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The Big Conversation

Episode 64: Will reflation kill the economy

This week we look at the success of the reflation trade and how higher equity prices are diverting capital from the real economy, higher commodities are a threat to margins and higher real yields could be a headwind for risk assets. The higher equities go, the worse it is for economic growth. Perhaps the Fed put on stocks is lower down than most people expect? In this week’s chatter we talk to FTSE Russell Managing Director and Head of Global Investment Research, Philip Lawlor, who outlines where yields can go before they become a problem for risk assets.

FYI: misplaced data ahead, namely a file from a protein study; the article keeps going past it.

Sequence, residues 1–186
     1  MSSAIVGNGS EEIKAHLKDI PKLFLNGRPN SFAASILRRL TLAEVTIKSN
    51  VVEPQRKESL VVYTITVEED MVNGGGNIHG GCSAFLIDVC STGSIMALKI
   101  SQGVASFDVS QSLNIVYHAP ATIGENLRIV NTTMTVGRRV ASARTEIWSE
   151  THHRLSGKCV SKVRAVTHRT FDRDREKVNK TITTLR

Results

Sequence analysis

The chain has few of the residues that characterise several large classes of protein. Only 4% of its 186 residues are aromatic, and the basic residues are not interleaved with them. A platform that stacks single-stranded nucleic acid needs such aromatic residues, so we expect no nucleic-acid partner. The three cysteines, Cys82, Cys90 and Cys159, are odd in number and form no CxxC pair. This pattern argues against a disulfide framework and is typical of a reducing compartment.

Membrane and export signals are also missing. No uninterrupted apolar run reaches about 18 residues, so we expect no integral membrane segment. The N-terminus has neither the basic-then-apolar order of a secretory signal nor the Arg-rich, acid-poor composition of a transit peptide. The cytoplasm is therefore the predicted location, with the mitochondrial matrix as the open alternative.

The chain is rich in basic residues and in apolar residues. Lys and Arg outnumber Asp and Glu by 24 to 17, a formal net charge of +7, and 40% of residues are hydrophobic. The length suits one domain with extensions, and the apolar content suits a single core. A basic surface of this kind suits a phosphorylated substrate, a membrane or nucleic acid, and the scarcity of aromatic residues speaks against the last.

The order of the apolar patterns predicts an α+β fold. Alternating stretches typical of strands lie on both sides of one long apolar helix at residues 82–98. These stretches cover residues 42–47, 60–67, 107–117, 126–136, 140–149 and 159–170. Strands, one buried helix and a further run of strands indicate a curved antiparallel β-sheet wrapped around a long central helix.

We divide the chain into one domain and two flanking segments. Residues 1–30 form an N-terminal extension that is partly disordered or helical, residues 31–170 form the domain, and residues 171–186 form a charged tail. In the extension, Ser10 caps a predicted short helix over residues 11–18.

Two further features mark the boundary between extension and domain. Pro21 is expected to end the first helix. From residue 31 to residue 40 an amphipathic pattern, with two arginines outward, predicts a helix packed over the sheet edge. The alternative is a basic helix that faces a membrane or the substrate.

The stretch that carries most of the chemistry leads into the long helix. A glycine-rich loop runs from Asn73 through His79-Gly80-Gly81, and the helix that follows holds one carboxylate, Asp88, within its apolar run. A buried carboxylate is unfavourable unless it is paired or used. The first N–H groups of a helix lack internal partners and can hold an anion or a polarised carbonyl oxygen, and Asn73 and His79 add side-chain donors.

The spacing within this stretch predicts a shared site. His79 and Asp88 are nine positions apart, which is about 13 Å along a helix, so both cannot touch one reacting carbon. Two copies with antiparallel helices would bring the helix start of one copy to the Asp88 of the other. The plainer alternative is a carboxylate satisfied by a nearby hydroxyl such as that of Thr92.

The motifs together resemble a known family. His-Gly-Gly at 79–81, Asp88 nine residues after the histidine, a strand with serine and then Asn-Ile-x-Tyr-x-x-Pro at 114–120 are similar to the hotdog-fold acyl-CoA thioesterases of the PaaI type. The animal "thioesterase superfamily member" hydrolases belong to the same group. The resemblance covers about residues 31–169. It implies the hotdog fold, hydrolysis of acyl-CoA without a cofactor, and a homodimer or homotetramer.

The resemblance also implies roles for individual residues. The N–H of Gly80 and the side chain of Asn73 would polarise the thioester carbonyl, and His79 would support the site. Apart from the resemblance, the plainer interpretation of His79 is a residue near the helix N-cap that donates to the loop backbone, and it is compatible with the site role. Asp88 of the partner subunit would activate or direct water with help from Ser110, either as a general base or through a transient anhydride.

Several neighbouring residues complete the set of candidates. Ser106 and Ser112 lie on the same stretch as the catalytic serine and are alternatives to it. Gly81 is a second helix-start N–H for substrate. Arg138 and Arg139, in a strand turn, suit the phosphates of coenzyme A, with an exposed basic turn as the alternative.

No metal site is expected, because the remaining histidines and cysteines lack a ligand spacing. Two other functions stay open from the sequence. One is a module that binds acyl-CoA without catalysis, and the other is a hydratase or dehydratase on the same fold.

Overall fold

• [00:00:00] Policymakers have a problem, they are throwing huge amounts of stimulus into the mix, but they're getting rewarded with higher commodity prices and higher equity prices before we've had an improvement in true growth. Whilst U.S. equities are a discounting mechanism, they appear to be discounting direct transfers of fiscal support from the Treasury into retail back pockets rather than profits being generated by a healthy economy. Higher commodity prices will impact margins, whilst higher equity prices make investing in stocks look far more attractive than supporting the real economy. The switch from monetary support toward fiscal support last year was supposed to shift the pendulum away from the last decade of soaring equities, despite sub-par growth of around two percent, to one of reflation and economic rejuvenation. Instead, we're now in danger of seeing a supercharged version of that period. Yes, we can expect GDP to rebound from the depths of 2020 and inflation to surge on the back of base effects, but true reflation needs economic growth to take the lead. Instead, it appears that rising equity markets could starve the real economy of capital. Rising commodities could impact input costs whilst rising bond yields could cause equity markets to come unstuck. In this episode of The Big Conversation, we'll be looking at some of the difficult decisions that policymakers need to make.